To the editor: Doyle McManus' column shows us one of the big reasons why poor Jeb Bush is doing so poorly in the polls: With his party under the control of the far right, the Republicans would rather lob grenades at Bill and Hillary Clinton than actually win the election. Bill Clinton is fair game, McManus tells us. It's as if his sexual history happened recently. ("Sadly, Trump is right in this case: Bill Clinton is fair game," Opinion, Jan. 13)
Ah! A dream come true for the Clinton haters! Nearly 20 years ago, and the meter is still running. And the fun is just starting — again!
But what if Jeb Bush ends up winning the nomination? Those Clinton haters might be reminded of weapons of mass destruction that weren't there, of Osama bin Laden getting away, of tall buildings falling to the ground, of torture that offended our allies' standards of decency and of the bottom falling out of the economy. They probably didn't find it funny when Vice President Dick Cheney shot his friend and his friend apologized — to him.
Now, those topics are kind of a downer. It's so much more fun to be on offense.
Too bad McManus doesn't have better sense than to fall for this.
Stan Brown, Victorville
To the editor: Hillary Clinton needs to put the business of her husband's affairs behind her. She should address the public and Donald Trump's taunting by saying the following:
"Yes, my husband cheated on me. It was the darkest time in my marriage, if not my life. Because we truly loved each other and our daughter, we sought counseling, worked through our problems and remained married. Today, our relationship is stronger than ever."
End of conversation.
Hillary Clinton did what many other men and women do when their marriages are on the rocks — work it out. How is that considered enabling her husband's abhorrent behavior?
Terrie McKinley, Aliso Viejo
To the editor: Perhaps Bill Clinton's past is fair game, but whether that's the case is not the best question to ask. The better question is where do we go from here?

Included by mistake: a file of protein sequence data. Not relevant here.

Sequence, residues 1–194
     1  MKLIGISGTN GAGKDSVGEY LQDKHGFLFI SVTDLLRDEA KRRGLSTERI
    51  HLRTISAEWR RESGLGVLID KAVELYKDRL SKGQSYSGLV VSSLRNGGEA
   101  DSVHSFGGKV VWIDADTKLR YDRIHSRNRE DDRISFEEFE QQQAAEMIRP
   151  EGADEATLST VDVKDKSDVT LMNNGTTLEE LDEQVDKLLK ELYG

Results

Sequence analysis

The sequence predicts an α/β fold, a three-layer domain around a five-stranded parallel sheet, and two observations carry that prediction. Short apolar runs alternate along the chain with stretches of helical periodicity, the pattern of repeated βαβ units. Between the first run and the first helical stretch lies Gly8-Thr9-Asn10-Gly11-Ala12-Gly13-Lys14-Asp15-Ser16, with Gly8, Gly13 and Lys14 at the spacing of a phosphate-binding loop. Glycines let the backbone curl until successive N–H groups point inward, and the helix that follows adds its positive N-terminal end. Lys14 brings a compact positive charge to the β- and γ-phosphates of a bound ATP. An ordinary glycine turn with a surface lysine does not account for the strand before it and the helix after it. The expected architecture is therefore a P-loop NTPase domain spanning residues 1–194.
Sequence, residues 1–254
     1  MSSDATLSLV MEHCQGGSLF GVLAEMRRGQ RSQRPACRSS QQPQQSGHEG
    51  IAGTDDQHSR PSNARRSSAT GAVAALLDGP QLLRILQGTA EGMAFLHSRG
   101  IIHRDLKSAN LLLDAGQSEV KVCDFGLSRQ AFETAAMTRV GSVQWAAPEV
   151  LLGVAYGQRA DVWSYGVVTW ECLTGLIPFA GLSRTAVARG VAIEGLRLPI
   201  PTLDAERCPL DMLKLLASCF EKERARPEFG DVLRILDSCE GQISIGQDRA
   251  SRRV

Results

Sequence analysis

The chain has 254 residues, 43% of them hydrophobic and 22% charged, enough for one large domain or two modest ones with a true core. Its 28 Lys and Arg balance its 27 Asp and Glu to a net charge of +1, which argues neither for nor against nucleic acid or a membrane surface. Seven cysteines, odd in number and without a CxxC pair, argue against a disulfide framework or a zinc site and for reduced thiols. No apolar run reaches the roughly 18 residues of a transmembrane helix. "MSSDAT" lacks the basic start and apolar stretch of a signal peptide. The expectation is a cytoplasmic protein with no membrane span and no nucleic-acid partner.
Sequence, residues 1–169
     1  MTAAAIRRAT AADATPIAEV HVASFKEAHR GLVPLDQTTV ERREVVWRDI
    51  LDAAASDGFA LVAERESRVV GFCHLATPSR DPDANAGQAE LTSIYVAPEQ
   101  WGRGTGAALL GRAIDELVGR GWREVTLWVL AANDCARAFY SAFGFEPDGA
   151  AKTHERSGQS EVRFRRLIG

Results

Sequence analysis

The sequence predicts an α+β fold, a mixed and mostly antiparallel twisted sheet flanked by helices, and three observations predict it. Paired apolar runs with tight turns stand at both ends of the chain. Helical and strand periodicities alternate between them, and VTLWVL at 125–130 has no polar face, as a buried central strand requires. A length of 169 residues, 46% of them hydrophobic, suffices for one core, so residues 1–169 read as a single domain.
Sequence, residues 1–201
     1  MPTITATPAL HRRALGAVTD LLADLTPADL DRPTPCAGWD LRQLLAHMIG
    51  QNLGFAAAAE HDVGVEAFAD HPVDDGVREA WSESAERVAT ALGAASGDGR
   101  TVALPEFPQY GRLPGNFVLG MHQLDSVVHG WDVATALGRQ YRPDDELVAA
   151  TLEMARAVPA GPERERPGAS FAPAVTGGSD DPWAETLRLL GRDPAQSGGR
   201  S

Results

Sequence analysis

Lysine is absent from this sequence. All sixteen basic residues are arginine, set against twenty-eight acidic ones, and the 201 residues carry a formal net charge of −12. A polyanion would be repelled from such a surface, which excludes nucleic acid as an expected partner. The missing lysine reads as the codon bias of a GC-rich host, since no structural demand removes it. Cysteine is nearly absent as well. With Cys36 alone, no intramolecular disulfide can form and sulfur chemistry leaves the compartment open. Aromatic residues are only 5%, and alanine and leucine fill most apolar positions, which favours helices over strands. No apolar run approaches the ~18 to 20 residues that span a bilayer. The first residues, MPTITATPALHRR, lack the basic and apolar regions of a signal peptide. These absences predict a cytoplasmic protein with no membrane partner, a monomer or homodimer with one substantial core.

I'm a small business owner and private investor. The Clinton years were, by far, the most prosperous of my lifetime.
Bill Clinton did a naughty thing; the Republican House voted to impeach him; the Senate declined to remove him; and the rest of us want to move on.
Sexual dalliance is wrong and politically unwise but not confined to one political party. Voters know this but seem more inclined to punish hypocrites than sinners. So Trump should take care what he asks for.
Delton Lee Johnson, Santa Paula
To the editor: If Hillary Clinton enabled her husband's infidelity, then did she enable the eight years of economic boom during his presidency?
Using the same logic, if Jacqueline Kennedy enabled her husband's affairs, then did she enable the successful resolution of the Cuban Missile Crisis? Was Eleanor Roosevelt responsible for leading the country to victory during World War II?
As one with multiple marriages and affairs, Trump is a poor judge of what makes a good marriage. As McManus states, voters decided long time ago about Bill Clinton — we like him a lot. Hillary Clinton should be judged on her own qualifications and character as a potential president and not as the wife of Bill Clinton.
Donna Handy, Santa Barbara